The savings opportunity for the hospital supply chain has jumped to $25.4 billion per year, meaning some hospitals are leaving millions in savings on the table, according to a recent study from Navigant.
Managing a hospital supply chain can be complicated, from maintaining supplies to delivering services to patients. But many hospitals are missing out on key efficiencies in this area, leading to higher spending. In 2017, the savings potential in the supply chain was $23 billion, which means the $2.4 billion increase in 2018 represents a 10.2 percent difference year over year.
“Even with ongoing efforts to improve supply chain processes and product utilization, it’s clear that significant savings opportunities remain for many hospitals and health systems,” Navigant Director Rob Austin said in the study.
Navigant looked at 2,300 U.S. hospitals and sought the savings price by matching them against the performance of the top quartile of hospitals for supply chain budget efficiency. Total supply costs include medical and implantable devices, medical, surgical and pharmaceutical supplies in the patient care departments, and building supplies and operation.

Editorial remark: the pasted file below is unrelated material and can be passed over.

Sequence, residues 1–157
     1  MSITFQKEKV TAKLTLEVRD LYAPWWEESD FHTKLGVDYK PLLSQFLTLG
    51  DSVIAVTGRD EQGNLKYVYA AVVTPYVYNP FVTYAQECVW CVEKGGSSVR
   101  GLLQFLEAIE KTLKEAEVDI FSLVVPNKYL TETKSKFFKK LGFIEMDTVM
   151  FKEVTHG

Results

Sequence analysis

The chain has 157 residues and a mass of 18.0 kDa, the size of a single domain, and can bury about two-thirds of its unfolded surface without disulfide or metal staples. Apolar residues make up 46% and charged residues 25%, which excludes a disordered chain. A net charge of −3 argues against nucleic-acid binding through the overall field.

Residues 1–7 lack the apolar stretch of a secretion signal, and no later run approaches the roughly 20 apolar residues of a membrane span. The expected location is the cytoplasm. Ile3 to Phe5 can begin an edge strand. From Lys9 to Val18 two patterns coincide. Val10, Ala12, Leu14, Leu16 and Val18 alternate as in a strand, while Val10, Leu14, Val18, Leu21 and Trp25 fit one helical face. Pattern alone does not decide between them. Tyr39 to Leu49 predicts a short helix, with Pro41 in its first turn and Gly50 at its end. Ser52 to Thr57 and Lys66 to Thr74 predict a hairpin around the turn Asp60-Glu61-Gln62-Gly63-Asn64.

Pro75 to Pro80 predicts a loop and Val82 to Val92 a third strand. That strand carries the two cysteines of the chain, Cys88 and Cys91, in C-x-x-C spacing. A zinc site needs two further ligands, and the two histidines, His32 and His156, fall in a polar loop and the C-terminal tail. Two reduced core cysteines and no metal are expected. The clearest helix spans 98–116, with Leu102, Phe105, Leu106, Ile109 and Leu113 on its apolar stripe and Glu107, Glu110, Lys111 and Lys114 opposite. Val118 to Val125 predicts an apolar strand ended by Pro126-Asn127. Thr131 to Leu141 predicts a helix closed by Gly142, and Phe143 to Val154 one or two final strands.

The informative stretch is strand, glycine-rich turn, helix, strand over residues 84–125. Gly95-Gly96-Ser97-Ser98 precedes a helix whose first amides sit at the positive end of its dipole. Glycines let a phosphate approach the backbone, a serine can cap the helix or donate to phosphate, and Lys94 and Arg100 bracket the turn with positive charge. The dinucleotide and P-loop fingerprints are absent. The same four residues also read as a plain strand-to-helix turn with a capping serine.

For an individual hospital, that savings figure means an opportunity to reduce average total supply expenses by 17.7 percent, or about $11 million, according to the survey. That’s equivalent to the price of building two outpatient surgery centers, paying the salaries of 160 registered nurses or paying the salaries of 42 primary care physicians.
Top savings areas
For many hospitals, focusing on reducing the unnecessary use of drugs and products can help reduce overall supply costs, in addition to reducing pricing variation.
Surprisingly, the top performers were lower spenders relative to their supply chain costs, meaning lower spending did not indicate lower quality—a finding that was the same in 2017. Top performing hospital also had higher average value-based purchasing performance scores.
Higher performing supply chain departments also engaged data-driven physicians in the survey on standardizing the use of physician preference items and medications proven to produce clinically equivalent outcomes at a lower cost. They also enhanced collaboration among physicians, nurses and other clinicians with supply chain, finance and IT departments with suppliers on value-based and other contracting efforts. The high performers also leveraged actionable data to tie costs to patient outcomes and employed staff that knew how to analyze it.
“Those health systems with the highest performing supply chains are combining data analytics, collaborative clinician engagement, and deep subject matter expertise to drive care delivery improvements to the benefit of the communities they serve,” Kevin Connor, vice president of supply chain management of TriHealth, said in the study.